Clinical Guide to Managing an Adult COVID19 Patient (By WHO & ICMR)

In this blog post, we will cover what you need to know about an adult COVID19 patient. Then, we will go over the symptoms of the virus and how it is transmitted. Finally, we’ll discuss some tips for managing a patient with COVID19!

*Disclaimer: This is a medical document for clinical operations. Please refer and follow your physician/doctor’s advice and do not self-diagnose, self-medicate, or administer treatment to other patients based on the contents of this article.

Here is the WHO-approved Clinical Guide to Managing an Adult COVID19 Patient.

Let us get going!

About the Guides (WHO & ICMR)

World Health Organization’s guide to clinical management of adult COVID19 patients contains the Organization’s latest recommendations for the clinical management of people infected with COVID-19.

This documented guideline is meant to provide patient management guidance that is comprehensive and holistic for them. This is why WHO publishes and updates this document to include patients through their entire illness process.

Similarly, the Indian Council of Medical Research releases medical documents in India to set standards for managing treatment and other medical operations.

Here is what these guides have for you to know COVID better.

What is the Incubation Period of the COVID19 Virus?

The incubation period is the time between the person’s first exposure to the virus and the onset of the first symptoms of the associated disease.

The incubation period for COVID-19 is thought to be between 4 and 14 days, with a median time of five days. However, some studies have reported people experiencing symptoms up to 11.5 days after exposure to SARS-CoV-2.

This is the reason why world governments have imposed the rule of isolation for 14-days for a suspect COVID patient.

What are the signs and symptoms listed in WHO’s official guide?

As per WHO’s guide, the signs and symptoms differ across COVID-19 levels. However, the following list is representative of what a patient with moderate to severe categories

  • Cough
  • Congestion or runny nose
  • Fever or chills
  • Shortness of breath or difficulty breathing
  • New loss of taste or smell
  • Sore throat
  • Fatigue
  • Muscle or body aches
  • Headache
  • Diarrhea
  • Nausea or vomiting

Patients with more severe cases of COVID19 symptoms usually report shortness of breath. However, patients who are not hospitalized often do not experience as much difficulty breathing.

Older adults or those with medical comorbidities may experience fever and respiratory symptoms later in illness than someone who is younger or doesn’t have comorbidities.

What are the hospital admission protocols?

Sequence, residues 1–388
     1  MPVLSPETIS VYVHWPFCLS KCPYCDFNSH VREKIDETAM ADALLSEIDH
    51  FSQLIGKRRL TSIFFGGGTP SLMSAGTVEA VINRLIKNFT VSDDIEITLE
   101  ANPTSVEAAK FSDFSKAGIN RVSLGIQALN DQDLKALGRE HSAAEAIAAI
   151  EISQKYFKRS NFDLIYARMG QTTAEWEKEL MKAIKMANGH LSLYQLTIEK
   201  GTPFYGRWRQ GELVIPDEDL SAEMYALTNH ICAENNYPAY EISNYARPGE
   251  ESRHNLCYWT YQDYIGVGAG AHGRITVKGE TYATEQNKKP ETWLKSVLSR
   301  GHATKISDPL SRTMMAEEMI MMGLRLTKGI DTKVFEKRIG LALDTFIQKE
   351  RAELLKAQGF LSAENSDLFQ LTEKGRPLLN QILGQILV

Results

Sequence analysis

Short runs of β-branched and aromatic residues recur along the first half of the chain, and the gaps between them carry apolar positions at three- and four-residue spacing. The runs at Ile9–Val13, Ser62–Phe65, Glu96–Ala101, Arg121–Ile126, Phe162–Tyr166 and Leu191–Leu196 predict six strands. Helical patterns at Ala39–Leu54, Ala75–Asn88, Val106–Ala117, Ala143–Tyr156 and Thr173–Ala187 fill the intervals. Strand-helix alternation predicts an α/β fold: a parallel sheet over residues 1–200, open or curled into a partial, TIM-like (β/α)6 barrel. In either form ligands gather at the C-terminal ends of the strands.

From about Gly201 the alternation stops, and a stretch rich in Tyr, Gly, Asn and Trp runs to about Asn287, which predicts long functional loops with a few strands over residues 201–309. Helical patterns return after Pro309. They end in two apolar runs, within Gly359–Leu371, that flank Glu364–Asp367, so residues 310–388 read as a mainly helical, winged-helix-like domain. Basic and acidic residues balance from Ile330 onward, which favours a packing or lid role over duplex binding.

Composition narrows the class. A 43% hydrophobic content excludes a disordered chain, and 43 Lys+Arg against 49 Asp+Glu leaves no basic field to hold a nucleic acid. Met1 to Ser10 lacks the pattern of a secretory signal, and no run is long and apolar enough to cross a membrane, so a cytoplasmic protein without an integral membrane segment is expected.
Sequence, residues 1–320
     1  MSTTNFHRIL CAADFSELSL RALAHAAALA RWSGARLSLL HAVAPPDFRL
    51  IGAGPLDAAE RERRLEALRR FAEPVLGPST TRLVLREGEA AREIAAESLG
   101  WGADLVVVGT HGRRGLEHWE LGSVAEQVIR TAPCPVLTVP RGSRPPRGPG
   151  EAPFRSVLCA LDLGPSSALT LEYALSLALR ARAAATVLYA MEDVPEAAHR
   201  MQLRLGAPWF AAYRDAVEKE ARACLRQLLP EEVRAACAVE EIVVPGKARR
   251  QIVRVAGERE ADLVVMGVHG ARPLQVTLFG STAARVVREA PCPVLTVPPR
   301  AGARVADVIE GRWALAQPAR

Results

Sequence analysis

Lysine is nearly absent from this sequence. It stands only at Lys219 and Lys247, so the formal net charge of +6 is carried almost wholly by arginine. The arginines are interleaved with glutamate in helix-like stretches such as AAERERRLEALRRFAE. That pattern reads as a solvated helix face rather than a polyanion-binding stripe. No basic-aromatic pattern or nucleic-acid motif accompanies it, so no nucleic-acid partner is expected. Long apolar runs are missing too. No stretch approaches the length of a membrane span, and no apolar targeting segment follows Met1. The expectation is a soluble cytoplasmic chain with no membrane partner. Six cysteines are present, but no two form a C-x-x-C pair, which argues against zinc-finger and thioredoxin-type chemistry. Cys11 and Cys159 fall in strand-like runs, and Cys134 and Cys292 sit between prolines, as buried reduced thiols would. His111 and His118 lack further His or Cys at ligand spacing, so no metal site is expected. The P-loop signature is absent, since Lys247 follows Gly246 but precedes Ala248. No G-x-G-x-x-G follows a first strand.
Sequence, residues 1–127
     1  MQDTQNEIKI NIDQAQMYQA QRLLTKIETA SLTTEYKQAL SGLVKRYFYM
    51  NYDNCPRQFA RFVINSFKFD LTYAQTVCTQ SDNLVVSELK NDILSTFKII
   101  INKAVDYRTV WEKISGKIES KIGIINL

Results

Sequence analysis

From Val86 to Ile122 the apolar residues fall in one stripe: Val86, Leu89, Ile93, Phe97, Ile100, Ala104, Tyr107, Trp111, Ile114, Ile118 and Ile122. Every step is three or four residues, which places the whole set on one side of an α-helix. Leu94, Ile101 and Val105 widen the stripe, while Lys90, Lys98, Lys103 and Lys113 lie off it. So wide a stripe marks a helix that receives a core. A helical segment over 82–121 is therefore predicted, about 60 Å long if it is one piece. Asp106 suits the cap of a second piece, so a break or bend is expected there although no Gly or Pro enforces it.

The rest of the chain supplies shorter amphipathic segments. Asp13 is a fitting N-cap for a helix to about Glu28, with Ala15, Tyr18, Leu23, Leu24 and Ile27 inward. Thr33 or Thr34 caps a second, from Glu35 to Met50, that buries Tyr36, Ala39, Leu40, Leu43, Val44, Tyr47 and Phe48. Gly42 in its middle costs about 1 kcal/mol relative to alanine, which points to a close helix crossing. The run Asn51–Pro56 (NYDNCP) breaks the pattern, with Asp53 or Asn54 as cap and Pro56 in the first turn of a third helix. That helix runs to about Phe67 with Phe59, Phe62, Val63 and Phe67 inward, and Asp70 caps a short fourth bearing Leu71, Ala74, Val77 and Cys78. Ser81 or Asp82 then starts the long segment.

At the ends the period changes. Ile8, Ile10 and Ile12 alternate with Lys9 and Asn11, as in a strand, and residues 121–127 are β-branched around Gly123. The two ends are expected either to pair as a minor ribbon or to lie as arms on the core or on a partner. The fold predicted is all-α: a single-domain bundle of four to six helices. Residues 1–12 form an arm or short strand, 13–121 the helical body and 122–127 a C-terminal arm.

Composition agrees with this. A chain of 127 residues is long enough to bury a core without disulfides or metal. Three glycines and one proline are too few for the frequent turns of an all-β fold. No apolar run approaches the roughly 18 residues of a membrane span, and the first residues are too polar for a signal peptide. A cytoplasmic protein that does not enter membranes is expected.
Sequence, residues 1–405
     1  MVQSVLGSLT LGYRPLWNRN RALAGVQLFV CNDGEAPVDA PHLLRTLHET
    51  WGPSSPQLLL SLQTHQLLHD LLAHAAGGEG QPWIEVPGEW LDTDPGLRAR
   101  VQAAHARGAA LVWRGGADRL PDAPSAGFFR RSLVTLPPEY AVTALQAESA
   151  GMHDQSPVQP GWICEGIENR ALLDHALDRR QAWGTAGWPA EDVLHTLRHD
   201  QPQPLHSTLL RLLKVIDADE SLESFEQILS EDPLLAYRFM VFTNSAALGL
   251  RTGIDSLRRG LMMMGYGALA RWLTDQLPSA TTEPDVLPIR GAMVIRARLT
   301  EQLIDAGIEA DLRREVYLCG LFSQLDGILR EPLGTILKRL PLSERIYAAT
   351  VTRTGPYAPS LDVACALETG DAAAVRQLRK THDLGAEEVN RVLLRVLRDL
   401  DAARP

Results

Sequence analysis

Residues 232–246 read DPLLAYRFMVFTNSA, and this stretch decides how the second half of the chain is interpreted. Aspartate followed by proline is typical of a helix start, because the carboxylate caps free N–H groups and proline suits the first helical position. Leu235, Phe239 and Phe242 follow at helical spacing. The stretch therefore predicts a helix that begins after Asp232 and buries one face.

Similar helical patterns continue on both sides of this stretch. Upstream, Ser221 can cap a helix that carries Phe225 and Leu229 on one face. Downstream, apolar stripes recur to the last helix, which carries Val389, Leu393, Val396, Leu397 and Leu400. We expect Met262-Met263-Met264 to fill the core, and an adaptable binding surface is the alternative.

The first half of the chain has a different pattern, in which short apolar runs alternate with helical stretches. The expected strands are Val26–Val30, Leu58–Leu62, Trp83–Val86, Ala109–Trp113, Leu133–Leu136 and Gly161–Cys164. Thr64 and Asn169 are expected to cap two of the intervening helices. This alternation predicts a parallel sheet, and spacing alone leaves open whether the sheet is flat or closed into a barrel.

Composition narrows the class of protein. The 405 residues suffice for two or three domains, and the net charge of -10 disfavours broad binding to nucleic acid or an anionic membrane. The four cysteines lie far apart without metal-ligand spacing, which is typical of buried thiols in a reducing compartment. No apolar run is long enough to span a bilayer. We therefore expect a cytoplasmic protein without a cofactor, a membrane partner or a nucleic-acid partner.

Here, we will look at the directives of the Indian Council of Medical Research (ICMR). Since ICMR has jurisdiction in India, we will see the standard procedures set by this body to admit patients of varying COVID-infection severity.

Patients with Mild COVID19

ICMR categorizes patients with mild symptoms as having upper respiratory tract symptoms (&/or fever) without shortness of breath or hypoxia.

ICMR’s Patient Management Checklist (Mild Cases)

  • Physical distancing, indoor mask use, strict hand hygiene.
  • Symptomatic management (hydration, antipyretics, antitussive, multivitamins).
  • Stay in contact with the treating physician.
  • Monitor temperature and oxygen saturation (by applying a SpO2 probe to fingers)

When to seek medical attention for Mild cases?

The patient must seek immediate medical assistance if the following symptoms develop;

  • Difficulty in breathing
  • High-grade fever/severe cough, particularly if it lasts for more than 5 days
  • A low threshold to be kept for those with any of the high-risk features*
  • Patients with Severe Covid-19

    ICMR categorizes patients with severe symptoms as having a Respiratory rate greater than 24/min with breathlessness. Severe cases of Covid-19 show the SpO2 level between 90% to < 93% on room air. ICMR's Patient Management Checklist (Severe Cases) Respiratory support

    • Consider the use of NIV (Helmet or face mask interface depending on availability) in patients with increasing oxygen requirement if work of breathing is LOW.
    • Consider the use of HFNC in patients with increasing oxygen requirements.
    • Intubation should be prioritized in patients with high work of breathing /if NIV is not tolerated.
    • Use conventional ARDSnet protocol for ventilatory management.

    Anti-inflammatory or immunomodulatory therapy

      li>Inj Methylprednisolone 1 to 2mg/kg IV in 2 divided doses (or an equivalent dose of dexamethasone), usually for 5 to 10 days.


      • Weight-based intermediate-dose prophylactic unfractionated heparin or Low Molecular Weight Heparin (e.g., Enoxaparin 0.5mg/kg per dose SC BD). There should be no contraindication or high risk of bleeding.

      Supportive measures

      • Maintain euvolemia (if available, use dynamic measures for assessing fluid responsiveness).
      • If sepsis/septic shock: manage as per existing protocol and local antibiogram.
      • Monitoring
      • Serial CXR; HRCT chest to be done ONLY if there is worsening.
      • Lab monitoring: CRP and D-dimer 24-48 hourly; CBC, KFT, LFT daily; IL-6 to be done if deteriorating.

      Closing Note

      We hope that the treatment guidelines and SOPs recommended by WHO and ICMR would bring more awareness to the general public for managing Covid patients.

      In case of any emergency, you can always contact ASIAN, the center of medical excellence in Faridabad, India.

      We wish you all safe living and health!